How to Avoid Emotional Decisions
by Karen Pickering
Every year I write about New Year’s resolutions. It just seems fitting to start over in January, whether it’s a new diet, a resolve to ride more, or an entire laundry list of things to change. It seems fitting to pause and reflect. I’m writing this right after the Thanksgiving holiday, but am reminded to consider what I have in my life already.
We tend to look at what’s wrong, what needs to be fixed or improved upon instead of reflecting on the good things we have in our lives. In a time of instant messaging, instant gratification and an attitude that things are disposable, it’s common to think, “If it’s broke, don’t fix it get a new one!” Often our horses are treated in the same manner. In today’s marketplace the decision to breed or buy has become more difficult. The thought of owning a baby from that favorite mare of yours can be tempting, but have you carefully considered the cost of raising a foal? Perhaps this is best left in the hands of experienced breeders.
When purchasing a horse we still need to proceed carefully: What type of riding or activity will you be doing? Have you studied the pedigree for genetic concerns? Is the temperament suitable for you? Take your time and be cautious when adding to your herd.
In my experience (after raising several foals) it is far more expensive to raise a horse than buy one. It was fun and rewarding, but also heartbreaking. The last horse I purchased was a yearling and I still have her today. Though I wouldn’t trade her for the world the purchase was emotional, not carefully considered. What has your horse purchasing experience been like? Send me an email (email@example.com); I’d love to hear about it. In the subject line put “my horse purchasing experience.”
Happy New Year!
Quote: “The main cause for failure and unhappiness is trading what you want most for what you want at the moment.”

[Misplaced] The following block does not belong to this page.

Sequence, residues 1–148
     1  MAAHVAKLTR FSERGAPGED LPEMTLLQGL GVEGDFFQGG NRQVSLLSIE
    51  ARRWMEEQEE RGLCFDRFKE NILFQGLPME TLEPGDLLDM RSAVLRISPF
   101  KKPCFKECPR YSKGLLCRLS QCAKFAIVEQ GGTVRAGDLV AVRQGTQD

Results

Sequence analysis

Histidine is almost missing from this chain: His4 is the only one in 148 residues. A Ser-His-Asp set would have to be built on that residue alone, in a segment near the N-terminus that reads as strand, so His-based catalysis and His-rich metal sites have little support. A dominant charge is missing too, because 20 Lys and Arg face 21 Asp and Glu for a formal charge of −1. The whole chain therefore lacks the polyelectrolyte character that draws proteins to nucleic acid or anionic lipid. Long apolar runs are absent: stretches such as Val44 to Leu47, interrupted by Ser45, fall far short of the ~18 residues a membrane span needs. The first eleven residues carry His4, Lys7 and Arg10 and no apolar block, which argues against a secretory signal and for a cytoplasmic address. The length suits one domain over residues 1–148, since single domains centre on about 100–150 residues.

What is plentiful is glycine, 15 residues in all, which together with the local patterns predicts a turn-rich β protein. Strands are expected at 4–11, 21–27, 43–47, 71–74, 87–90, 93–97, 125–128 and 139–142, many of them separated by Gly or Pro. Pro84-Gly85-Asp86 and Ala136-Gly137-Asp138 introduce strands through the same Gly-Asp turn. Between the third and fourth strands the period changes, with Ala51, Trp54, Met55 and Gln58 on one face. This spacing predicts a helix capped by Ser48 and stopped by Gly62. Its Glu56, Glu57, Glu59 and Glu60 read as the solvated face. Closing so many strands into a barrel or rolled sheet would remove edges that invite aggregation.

Published January 2013 Issue
Owner/Publisher Karen’s lifelong love of horses began at a very early age when she wore out a couple of rocking horses before convincing her parents to get her the real thing. That ill-tempered bay gelding, Brandy, was a challenge for the young horsewoman, but it drove her ambition to become a horse trainer. After attending Canyonview Equestrian College’s Horsemanship Program, Karen realized she needed work that was a little more lucrative than training, so she took a job with Customs Brokerage to pay the bills. There, she discovered an affinity for computers and a talent for creating informative, entertaining newsletters. The Northwest Horse Source began as such a letter in December 1995, with a distribution of 1000 copies for its 12 black and white pages. Since then, it has grown into beautiful, all-gloss magazine with the largest coverage of any free equine publication in the Northwest – a distribution of over 16,000 copies and over 600 locations monthly. Not bad for the results of one woman’s dream to work with horses!
Today, Karen remains involved with every aspect of the magazine and treasures the community of thousands who share a common passion. Somewhere in the wee hours of the early mornings and late evenings, she still finds time to care for April, her gorgeous and sweet-tempered Quarter Horse.